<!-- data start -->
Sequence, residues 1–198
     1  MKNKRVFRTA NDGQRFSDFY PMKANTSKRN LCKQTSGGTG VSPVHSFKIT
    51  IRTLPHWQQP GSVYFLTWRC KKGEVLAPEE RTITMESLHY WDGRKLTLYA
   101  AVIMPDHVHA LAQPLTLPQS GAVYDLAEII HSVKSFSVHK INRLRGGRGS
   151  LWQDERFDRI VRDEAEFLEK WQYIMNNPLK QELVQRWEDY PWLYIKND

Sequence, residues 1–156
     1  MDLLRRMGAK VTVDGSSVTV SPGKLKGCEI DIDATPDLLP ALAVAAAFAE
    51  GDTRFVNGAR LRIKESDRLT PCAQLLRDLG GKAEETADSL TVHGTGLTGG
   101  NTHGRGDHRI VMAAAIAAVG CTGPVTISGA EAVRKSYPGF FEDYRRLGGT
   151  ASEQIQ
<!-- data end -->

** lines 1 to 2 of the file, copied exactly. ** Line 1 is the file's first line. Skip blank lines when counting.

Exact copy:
Sequence, residues 1–198
     1  MKNKRVFRTA NDGQRFSDFY PMKANTSKRN LCKQTSGGTG VSPVHSFKIT